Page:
“Your mental attitude is someting you can control outright and you must use self-discipline until you create a Positive Mental Attitude — your mental attitude attracts to you everything that makes you what you are.” – Napoleon Hill
YTS noted in a comment that she was sorry to tell me that adoption pain does not get better. YTS notes this from her sixteen years in reunion.
I responded to YTS that there was no need to be sorry as I agree with her. My personal view and personal experience (23 years since I lost my daughter, four years in a pseudo-reunion) is that it does not get better at all. It gets different. Even if I had a reunion that was positive, I would expect to have continued struggles.
While there are those that promote the idea of adoption healing, I am unable to grasp (and I have tried) that concept. I dont personally know how ones heals from a soul wound. I dont know how you get over the loss of a child – to death or adoption. For me, again, personally, I am not going to heal. I am going to accept. I dont want to get into this pile of excrement again. It is my view. My choice. If you think you can heal and get over it, more power to you.
For me it is acceptance and learning to live with it as best I can. It is active daily management of chronic pain. A simple analogy is to compare my trauma to that of an amputee victim. (Apologies to any victims if I am totally off base here.)
I am going to guess that an amputee victim doesn’t get over, heal, or become happy about the loss of their limb. Rather, I would suggest they learn to live with that loss. They learn to compensate for it, either by prostethics or by learning new ways to do things. Maybe they ask for help, maybe they choose a different career. Perhaps they even move their home to better accommodate their needs. Regardless of the choices they make in dealing with their loss, it does not change their loss it self. They are still without a limb. They may still get angry at times, depressed about their changed life but even that anger or depression is not going to change what it is. They are still without a limb. What they can change (and what I feel I can change) is how they feel about that loss and how they allow it to impact their relationships and daily life. In summary, they can choose their attitude.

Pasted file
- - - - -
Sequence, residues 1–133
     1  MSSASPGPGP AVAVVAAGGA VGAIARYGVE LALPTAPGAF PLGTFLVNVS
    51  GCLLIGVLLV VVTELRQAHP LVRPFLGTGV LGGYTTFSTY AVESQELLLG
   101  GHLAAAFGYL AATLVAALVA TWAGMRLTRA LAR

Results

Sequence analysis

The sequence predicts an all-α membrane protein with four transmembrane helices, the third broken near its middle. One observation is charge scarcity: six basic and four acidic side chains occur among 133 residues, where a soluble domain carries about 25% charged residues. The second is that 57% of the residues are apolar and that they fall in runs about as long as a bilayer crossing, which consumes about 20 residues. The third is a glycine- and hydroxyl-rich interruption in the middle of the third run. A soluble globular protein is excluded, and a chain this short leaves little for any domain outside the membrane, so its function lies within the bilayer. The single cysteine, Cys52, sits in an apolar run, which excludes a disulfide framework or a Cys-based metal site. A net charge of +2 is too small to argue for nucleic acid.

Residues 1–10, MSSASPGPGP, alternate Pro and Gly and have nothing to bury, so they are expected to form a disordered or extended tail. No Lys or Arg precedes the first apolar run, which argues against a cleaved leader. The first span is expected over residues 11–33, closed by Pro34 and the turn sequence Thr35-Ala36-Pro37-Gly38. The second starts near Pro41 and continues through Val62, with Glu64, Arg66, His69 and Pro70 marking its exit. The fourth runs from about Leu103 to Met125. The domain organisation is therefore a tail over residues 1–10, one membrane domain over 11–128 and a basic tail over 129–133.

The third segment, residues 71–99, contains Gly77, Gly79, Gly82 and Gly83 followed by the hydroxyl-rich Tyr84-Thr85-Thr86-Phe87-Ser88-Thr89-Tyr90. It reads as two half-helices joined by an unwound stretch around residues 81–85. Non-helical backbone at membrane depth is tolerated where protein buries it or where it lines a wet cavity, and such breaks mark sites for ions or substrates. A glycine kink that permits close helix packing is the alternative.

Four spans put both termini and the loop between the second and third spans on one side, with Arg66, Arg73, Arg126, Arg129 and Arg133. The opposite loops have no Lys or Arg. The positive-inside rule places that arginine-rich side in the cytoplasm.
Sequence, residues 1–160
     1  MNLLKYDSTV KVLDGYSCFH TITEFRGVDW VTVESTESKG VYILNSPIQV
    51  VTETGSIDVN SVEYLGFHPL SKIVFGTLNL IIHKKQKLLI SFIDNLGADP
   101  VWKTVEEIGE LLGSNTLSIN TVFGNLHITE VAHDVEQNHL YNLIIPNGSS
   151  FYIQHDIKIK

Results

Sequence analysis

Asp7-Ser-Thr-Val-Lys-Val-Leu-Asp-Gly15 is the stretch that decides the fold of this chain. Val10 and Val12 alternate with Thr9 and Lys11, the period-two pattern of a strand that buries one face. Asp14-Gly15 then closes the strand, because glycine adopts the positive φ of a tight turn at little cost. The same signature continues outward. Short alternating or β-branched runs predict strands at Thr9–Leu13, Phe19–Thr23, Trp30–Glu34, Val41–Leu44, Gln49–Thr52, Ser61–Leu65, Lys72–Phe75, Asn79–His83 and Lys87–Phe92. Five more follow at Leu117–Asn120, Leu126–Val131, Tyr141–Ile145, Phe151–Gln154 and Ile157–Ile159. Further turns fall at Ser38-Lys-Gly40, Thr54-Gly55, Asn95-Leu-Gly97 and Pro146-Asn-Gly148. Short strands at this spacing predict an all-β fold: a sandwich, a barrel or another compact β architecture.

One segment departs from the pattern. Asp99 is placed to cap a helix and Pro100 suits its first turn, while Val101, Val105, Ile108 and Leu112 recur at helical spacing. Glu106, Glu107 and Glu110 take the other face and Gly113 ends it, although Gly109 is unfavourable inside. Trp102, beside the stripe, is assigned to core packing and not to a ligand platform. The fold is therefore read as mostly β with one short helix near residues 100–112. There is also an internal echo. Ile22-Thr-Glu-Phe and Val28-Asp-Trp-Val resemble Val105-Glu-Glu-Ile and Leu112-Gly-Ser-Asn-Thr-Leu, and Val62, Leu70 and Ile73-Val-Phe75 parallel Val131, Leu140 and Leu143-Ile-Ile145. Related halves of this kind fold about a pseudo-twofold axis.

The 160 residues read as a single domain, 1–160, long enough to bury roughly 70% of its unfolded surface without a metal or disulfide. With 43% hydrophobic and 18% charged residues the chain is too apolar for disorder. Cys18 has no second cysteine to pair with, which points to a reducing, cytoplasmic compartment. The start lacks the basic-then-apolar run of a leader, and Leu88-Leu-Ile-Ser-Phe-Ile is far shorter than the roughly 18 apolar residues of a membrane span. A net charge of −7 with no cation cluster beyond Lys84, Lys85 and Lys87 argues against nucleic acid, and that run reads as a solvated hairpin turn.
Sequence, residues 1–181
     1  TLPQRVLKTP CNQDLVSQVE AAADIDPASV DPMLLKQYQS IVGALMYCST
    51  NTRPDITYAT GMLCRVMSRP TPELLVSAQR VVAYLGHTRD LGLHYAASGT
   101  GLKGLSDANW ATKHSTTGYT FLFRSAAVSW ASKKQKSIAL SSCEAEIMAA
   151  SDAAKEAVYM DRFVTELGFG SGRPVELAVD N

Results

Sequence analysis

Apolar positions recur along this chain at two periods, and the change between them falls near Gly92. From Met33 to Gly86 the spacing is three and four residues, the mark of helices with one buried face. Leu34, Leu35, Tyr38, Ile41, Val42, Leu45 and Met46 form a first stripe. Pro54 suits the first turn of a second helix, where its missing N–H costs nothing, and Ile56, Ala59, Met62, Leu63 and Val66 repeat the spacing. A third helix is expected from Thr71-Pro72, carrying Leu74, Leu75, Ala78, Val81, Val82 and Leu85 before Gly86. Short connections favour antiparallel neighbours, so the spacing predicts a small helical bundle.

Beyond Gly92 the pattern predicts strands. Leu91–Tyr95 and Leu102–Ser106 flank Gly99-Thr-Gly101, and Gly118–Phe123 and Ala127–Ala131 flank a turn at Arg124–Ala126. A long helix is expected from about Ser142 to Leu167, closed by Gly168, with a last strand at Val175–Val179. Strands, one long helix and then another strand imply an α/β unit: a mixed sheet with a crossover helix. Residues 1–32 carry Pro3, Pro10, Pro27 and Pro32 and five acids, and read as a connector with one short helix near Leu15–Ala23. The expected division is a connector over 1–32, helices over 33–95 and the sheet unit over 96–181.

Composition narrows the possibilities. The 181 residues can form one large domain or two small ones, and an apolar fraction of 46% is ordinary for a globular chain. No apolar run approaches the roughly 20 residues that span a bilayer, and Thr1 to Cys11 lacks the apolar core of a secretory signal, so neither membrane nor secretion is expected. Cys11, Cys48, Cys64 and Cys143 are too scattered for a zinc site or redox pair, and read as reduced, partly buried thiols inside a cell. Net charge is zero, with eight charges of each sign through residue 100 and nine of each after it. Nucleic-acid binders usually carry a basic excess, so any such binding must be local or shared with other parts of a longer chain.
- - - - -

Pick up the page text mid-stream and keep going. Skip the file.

And I choose mine. Where I do believe I can make true progress and “heal” so to speak, is in how I choose to let that reality (of not healing) to affect me and those around me.
I can choose to be negative and bitter and nasty. I can choose to lack compassion and empathy for others. I can choose to stay stuck in this pain and have it depress me and negatively effect every aspect of my life. Unlike some mothers and children in reunion, many for years, I choose not to continue to blame my daughter, my parents, my daughters father and myself for what happened. I simply dont want to live like that — for me.
Yes, I may have one child that wants nothing to do with me (now?) but I have two that do. I have a fiance, and friends, and well, ME, to live with every day. I don’t want to live with a negative bitter perpetually angry and emotionally crippled version of me and I am pretty confident those that love me don’t want to either (and that includes my daughter).
Brian Tracy, a self-help author, states “You cannot control what happens to you, but you can control your attitude toward what happens to you, and in that, you will be mastering change rather than allowing it to master you.” I agree.
My point, perhaps unclear and somewhat hidden in my last post, is that today I choose how adoption effects me. I had no voice and no power in the adoption trauma equation in 1986. I have power and voice now.
I intend to exercise that power.